Gel nail polish revolutionised manicures for two reasons: It looks super shiny and stays put. However, when it comes to removing gel, it's harder than trying to make space on your iPhone (storage is the bane of my existence). Before I knew how to do it myself, I would idly end up peeling it off around the dog-eared three-week mark. Aside from the fact that it's a gross thing to do (shout-out to that man on my commute who once thought I was pulling my actual nails off), it meant that my nails were so weak and dry, they often gave up and broke right off.
But it doesn't have to be this way. There is a simple way to remove your gel polish, and that's to book an appointment at a nail bar and get it removed professionally. However, if you want to remove it swiftly at home, there is another option. Happily, thanks to the wonders of the internet, I found a DIY guide to removing a gel manicure that won't wreck your nails and won't draw disgusted looks from your fellow commuters. Want to know what that is? Keep scrolling for my step-by-step guide on how to remove gel nail polish, plus shop the after-care products you need to keep your nails intact.
#1: Gather These 3 Items
There are just three items you need: cotton wool pads or balls, acetone nail polish remover and plain-old kitchen foil. A word of warning: You need plenty of all three at hand to get the job done.
Your gel polish removal kit:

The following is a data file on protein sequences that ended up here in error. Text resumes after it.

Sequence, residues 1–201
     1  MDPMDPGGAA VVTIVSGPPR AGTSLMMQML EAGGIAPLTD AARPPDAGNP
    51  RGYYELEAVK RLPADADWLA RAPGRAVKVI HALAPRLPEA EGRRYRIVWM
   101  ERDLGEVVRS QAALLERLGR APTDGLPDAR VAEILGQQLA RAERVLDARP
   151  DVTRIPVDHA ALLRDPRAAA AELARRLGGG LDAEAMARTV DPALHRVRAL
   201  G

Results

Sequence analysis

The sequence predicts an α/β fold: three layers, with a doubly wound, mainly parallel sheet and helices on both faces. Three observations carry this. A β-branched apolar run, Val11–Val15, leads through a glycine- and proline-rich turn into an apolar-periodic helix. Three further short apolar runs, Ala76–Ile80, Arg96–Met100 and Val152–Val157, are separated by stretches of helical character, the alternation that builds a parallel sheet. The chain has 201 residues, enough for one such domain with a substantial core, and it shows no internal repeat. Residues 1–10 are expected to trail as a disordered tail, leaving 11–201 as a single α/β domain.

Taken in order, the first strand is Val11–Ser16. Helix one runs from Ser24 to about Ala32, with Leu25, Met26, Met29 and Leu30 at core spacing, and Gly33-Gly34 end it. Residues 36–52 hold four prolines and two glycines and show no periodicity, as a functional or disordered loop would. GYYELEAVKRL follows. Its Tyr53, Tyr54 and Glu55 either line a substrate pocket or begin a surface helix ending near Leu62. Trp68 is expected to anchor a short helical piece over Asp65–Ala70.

#2: Soak the cotton wool
Acetone-based nail polish remover isn't the nicest stuff, and when you get it on your skin, it goes a little red. So if you've got sensitive skin, proceed with caution. However, if you don't mind getting nail polish remover on your skin, the first step is to soak the cotton wool balls in some nail polish remover.
#3: Wrap up your fingers
Now take your soaked cotton wool ball or pad, and wrap it around one nail, starting with your index finger. Then take a square 10x10-cm. piece of kitchen foil and wrap it around the soaked cotton wool pad. Do this for all of your nails, leaving the thumb for last. Also, do one hand at a time; otherwise it gets a bit tricky.
#4: Leave for 20 minutes
Once you've done the wrapping, it's time to wait. Ideally you want to give it at least 20 minutes, but 15 will do. You can peel back one nail to find out how it's doing. If it's ready, you should be able to wipe off the gel polish easily and not have to scratch it off (please don't do this, however tempted you might be). If you find that it's burning or itching at all, remove it immediately.
#5: Don't Forget the Aftercare
Once the gel polish has come off, do a final wipe with a cotton wool pad with a bit of remover on it, and then it's time for aftercare. The truth is that your nails will still feel a little delicate and probably feel soft to the touch. To hide the fact that your nails look worse for wear, you might be tempted to apply nail polish, but instead, try a strengthening treatment to give them a healthy-looking shine.
Once you've done that and they're dry, I like to use a nourishing oil to treat the nails and the whole hand, such as Elemis Exotic Frangipani Monoi Body Oil (£35). Weak, flaky nails are no more.
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Opening Images: Imaxtree